Dead Head Fred (PSP) review
"Right Dead Fred"
Sometimes, when my life is overtaken by drudgery, I like to think about how it would be if video games were colours that you could mix together to get an entirely different hue. For instance, what kind of a shade would we get by combining Tomb Raider and Indiana Jones with a layer of Metal Gear Solid slapped on top of a canvas made from Splinter Cell? Would it be utter manliness set against ancient societies, Nazis, political intrigue and whips, or would it be a festering pile of crap where you fight bears armed with guns and sporting wobbly breasts while at the sodding end you find the EWOKS did it, a scenario fresh out from Mr. Boll's gifted pen?
I don't know that, but I do know what sort of a game we would get if you mix Medievil, fully complemented by its atmospheric locations, with Psychonauts and it's vibrant characters and an intriguing storyline with a splash of Beetlejuice, and, more importantly, the slightly-offkey Tim Burton. You would get Dead Head Fred.
Let's put aside the horrid name. Let's put aside its stealth release on the PSP and let's focus on the product itself. Your name is Fred, and, during your life, you were many things. A bastard, a private detective, but, most of all, you were alive. This, however, changes dramatically at the very start of your adventure when Fred wakes up on a doctor's table and finds out, with some worry, his bad case of decapitation has resulted in a nasty side effect of death. However, the good doctor resurrects Fred and salvages his brain which he puts in a jar and grafts onto his lifeless shoulders. He’s not overly happy about it. Oh, did I mention that Fred's insult-spouting voice is done by John C. McGinley, a. k. a. Dr. Cox from Scrubs?
Fred finds out that he was killed by crime lord Ulysses Pitt because he knew too much about his operation, but his recollection of the details are sketchy at best. Thanks to his un-ultimate demise, Fred lost almost all his memories and must now work his way through the various locales to connect the dots and thus find out who he was, and what was he working on that got him killed. During his journey, he will meet people that he knew in his life, ranging from a potential love interest to his old partner that can offer advice, or perhaps give you a mission in which you can earn an extra bob. Still, most information Fred gathers by beating the living crap out of Pitt’s goons. However, the crime lord has countless variations of ghouls, zombies, witch doctors and skeletons on his disposal to send at Fred, each with their own style of attacking, strengths and weaknesses. The only way to defeat such odds is to even the scales and Fred does that by literally decapitating his enemies and stealing their heads, more often than not in quite a gory manner.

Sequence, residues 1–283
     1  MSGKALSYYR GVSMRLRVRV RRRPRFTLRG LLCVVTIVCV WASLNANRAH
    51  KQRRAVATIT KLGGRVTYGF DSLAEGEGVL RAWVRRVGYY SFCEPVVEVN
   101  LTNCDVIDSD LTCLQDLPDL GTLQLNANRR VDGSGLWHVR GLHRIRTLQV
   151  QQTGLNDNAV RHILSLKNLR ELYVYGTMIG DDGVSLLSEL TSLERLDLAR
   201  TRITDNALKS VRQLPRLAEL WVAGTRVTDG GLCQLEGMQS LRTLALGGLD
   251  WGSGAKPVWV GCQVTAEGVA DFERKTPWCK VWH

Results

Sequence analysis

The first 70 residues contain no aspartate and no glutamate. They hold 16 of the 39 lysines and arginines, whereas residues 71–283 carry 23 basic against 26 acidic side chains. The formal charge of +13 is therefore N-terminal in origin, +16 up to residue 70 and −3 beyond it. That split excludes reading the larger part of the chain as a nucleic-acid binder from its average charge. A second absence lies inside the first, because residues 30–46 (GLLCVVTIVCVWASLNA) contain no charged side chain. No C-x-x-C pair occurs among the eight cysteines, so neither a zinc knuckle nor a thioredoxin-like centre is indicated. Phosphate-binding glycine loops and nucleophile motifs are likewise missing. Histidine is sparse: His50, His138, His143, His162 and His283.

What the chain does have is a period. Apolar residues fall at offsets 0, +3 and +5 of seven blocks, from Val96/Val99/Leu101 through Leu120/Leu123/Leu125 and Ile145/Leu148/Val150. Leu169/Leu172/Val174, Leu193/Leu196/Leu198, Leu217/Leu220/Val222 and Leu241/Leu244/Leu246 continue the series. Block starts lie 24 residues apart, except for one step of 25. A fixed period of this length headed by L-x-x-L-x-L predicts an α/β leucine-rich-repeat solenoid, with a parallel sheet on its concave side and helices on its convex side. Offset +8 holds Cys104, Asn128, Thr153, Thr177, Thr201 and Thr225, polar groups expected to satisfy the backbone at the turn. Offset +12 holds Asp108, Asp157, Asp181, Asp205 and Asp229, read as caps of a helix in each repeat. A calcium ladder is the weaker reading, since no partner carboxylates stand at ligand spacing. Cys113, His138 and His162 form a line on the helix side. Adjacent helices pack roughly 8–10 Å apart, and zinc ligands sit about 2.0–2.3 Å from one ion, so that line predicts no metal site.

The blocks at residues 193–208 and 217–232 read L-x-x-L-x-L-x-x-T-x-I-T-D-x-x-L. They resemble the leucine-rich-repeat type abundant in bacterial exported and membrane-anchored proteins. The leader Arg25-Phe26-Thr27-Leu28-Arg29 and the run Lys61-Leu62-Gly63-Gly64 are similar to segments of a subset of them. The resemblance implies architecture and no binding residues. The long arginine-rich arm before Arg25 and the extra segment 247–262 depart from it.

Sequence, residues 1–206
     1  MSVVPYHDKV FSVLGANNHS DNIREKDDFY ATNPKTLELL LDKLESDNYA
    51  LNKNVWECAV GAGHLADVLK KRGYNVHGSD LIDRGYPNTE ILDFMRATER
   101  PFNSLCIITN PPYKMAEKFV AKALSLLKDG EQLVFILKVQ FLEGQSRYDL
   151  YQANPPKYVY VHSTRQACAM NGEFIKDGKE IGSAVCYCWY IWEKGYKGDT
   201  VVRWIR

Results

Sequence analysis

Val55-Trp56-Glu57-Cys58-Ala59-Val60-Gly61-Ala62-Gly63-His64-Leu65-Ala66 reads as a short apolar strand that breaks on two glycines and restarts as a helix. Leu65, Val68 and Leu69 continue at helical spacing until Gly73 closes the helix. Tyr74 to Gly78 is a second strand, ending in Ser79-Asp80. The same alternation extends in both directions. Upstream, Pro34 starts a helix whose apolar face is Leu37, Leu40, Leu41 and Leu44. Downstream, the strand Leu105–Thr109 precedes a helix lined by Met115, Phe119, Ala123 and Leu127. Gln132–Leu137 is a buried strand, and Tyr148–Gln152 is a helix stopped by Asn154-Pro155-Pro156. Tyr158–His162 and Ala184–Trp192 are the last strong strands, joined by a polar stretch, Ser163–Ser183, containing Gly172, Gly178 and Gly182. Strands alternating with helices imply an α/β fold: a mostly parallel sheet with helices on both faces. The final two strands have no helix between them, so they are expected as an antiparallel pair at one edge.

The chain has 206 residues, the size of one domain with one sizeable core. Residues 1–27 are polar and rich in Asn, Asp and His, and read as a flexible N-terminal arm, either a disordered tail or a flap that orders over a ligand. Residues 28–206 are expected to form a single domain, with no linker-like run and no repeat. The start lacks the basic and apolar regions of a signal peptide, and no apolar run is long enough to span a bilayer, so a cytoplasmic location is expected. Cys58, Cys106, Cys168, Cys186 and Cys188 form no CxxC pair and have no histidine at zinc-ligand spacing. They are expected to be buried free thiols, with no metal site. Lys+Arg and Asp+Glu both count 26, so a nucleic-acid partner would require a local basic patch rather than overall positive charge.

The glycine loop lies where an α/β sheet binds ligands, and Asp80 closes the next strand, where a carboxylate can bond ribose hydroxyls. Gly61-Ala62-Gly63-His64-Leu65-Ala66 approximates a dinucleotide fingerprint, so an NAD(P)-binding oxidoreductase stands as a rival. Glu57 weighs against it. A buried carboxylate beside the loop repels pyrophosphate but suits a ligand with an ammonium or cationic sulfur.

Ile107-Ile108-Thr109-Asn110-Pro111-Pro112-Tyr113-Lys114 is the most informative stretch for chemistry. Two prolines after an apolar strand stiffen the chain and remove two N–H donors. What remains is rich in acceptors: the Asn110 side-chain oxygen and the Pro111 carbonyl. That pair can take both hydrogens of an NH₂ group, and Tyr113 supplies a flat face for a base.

During the journey which you undertake by controlling Fred from the third person view, guiding him like a puppet on ever-so-capable strings, every time you meet a new kind of enemy, you’re able to collect their head and exchange it with your default one, giving you a whole new set of abilities. For instance, kill a Freddie Krueger-like skeleton, slip on its skull, and grow sword-like fingers that slice and dice everything in their path. Knock off a leathery zombie head and exhale venomous gas at your enemies, or, due to its inflatable nature, inhale enough air to float over chasms and pits. Or use the Stone Idol head to smash one of the many breakable walls in the game by simply running into it. Every head is upgradeable, thanks to macabre shops allowing you to graft on new abilities or strengthen pre-existing ones.
One of the more unique heads is that of the Mannequin, which makes Fred somewhat presentable -- and by presentable, I mean that people won’t shriek in terror the moment you confront them since, apparently, a suit-clad torso with a brain loosely attached isn’t the most eye pleasing object in the world.
When you learn how to use your head(s) in battle, the difficulty curve will suddenly take a nose–dive because, for every sort of enemy you find in the game, there's a head that revels in its weaknesses. For instance, the Scarecrow head makes you a formidable force against mutated farmers lurking around irradiated corn fields, and you'll smile with glee as you execute a series of gory finishers, be it by blowing their face off with their own shotguns, setting the undead on fire with mystical abilities, or lean on pure brute force to smash brittle-boned mutants into fine powdered dust. However, just as you're strong against one sort of enemy, there is always a different beastie out there ready to take advantage of your shortcomings should you not learn how to change heads in mid combat as the situation warrants.
Every head that you collect has a battle purpose and a field purpose, and Fred needs to learn how to combine all of them if he's to survive long enough to find out the mystery surrounding his death and the apparent destitute state of the city.
So, the final question is, “DE, you incredible human being, you; why do you speak of this game with such high regards and yet I've never heard of it?”
Well, my dear reader, the answer is simple enough. A very stupid title name plus extremely lackluster marketing equals failure. Which, commercially, Dead Head Fred is. It's not aided by the unfortunate occurrence of an unwieldy camera that can frustrate and irk the few of you not yet hardened to this common genre fault.
So, I recommend this game to everyone; enjoy and revel in the rainbow of goofy aggression, bizarre noir, and popping people’s heads off then wearing them like a hat, much like a deranged serial killer. Odds are, you‘ll never see a sequel or anything quite like it again.
Community review by darketernal (October 30, 2020)
Occasional reviewer of random stuff.
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